How can does predetermination mean God is in fact Satan? Because that means all sin was created by God, and all men that practice sin, is through God's will, that God created Satan, and Satan is on the same level of righteousness, because Satan did not reject God's authority, but rather submits to it, I hate even having to write those words in the same sentence. Predestination completely changes the fundamental relationship with God, his plan, his purpose, our purpose, everything, and promotes God to the same level as us, and Satan. Its clear this is a truly, deeply, corrosive, corrupt, way false doctrine, extremely blasphemous, and downright ludicrous. Jesus cannot fulfill the law if he created sin, and Jesus is God. So to if the Holy Spirit dwells within Christians then so to must the Spirit of God be full of sin, if God is not separate from us. Literally no matter what way you think about it, its fallacy, blasphemy, and heresy.

In leaving I must say this of myself, I love God with all my heart, my mind, my body, and my soul, and I seek to do nothing that does not glorify him, but more importantly, I love him so much, I would do anything he asks of me, and if my faith became nothing but a plan, and obedience, with no reason to love, nor desire to be righteous and blemish free before him, my spirit would ache and yearn for something more, and therefore the spot that God is supposed to fill, its now empty. Please read all the renaming verses and I promise you'll know the truth to be revealed to you, God wants everyone to come to him, everyone, not just some favorites.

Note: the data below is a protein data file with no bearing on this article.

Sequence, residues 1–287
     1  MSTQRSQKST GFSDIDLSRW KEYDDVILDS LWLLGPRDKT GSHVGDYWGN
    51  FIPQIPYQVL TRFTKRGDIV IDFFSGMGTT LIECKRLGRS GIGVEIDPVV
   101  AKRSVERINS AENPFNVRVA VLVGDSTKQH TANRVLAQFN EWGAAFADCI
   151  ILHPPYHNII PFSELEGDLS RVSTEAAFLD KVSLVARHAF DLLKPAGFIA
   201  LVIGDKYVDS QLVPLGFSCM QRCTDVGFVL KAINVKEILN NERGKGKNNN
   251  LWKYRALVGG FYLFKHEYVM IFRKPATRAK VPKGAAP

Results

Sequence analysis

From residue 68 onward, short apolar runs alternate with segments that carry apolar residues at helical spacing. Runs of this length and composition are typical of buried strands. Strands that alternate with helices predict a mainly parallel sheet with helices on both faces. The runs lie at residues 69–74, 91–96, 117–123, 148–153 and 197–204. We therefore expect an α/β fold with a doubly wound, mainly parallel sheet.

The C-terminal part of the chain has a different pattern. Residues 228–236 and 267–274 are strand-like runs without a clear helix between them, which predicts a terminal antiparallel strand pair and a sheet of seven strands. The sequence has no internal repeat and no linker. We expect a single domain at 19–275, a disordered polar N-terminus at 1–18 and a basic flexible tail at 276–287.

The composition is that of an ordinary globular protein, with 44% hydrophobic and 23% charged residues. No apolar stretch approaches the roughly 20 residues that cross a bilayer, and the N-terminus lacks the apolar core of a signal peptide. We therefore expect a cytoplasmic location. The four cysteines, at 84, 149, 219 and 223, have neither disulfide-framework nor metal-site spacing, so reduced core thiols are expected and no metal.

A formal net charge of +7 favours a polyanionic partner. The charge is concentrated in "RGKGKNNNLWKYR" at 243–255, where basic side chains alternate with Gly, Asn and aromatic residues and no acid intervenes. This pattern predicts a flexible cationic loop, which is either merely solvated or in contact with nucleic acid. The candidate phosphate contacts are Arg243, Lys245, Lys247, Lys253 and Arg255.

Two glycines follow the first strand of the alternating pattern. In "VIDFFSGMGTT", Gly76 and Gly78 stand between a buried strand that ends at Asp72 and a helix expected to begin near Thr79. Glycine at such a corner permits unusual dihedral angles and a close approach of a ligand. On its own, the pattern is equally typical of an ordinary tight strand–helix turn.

2 Timothy 3:16-17
16 All Scripture is given by inspiration of God, and is profitable for doctrine, for reproof, for correction, for instruction in righteousness, 17 that the man of God may be complete, thoroughly equipped for every good work.

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A little excessive on the formatting, but a decent answer. Welcome to the site. –  fredsbend Oct 12 at 3:35

If your definition of predestination is - "Predestination is the view that all events are willed by God", then I would say that the Bible doesn't support this at all.

If all events were willed by God, it would be absolutely redundant for Jesus to ask us to pray this way -

Our Father, who art in heaven.... Thy kingdom come. Thy will be done... (Matthew 6:10)

If God's will is always done, we don't need to pray that his will be done. God's will is always done in only one sense - God's will is that man have free will and choose God or reject God.

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Theologians often make a distinction between God's prescriptive will (what he commands) and his decretive will (what he directs to actually happen). We'd say that "will" in Matt. 6:10 is prescriptive will, which goes along with "thy kingdom come". –  Thomas Shields May 7 '12 at 2:25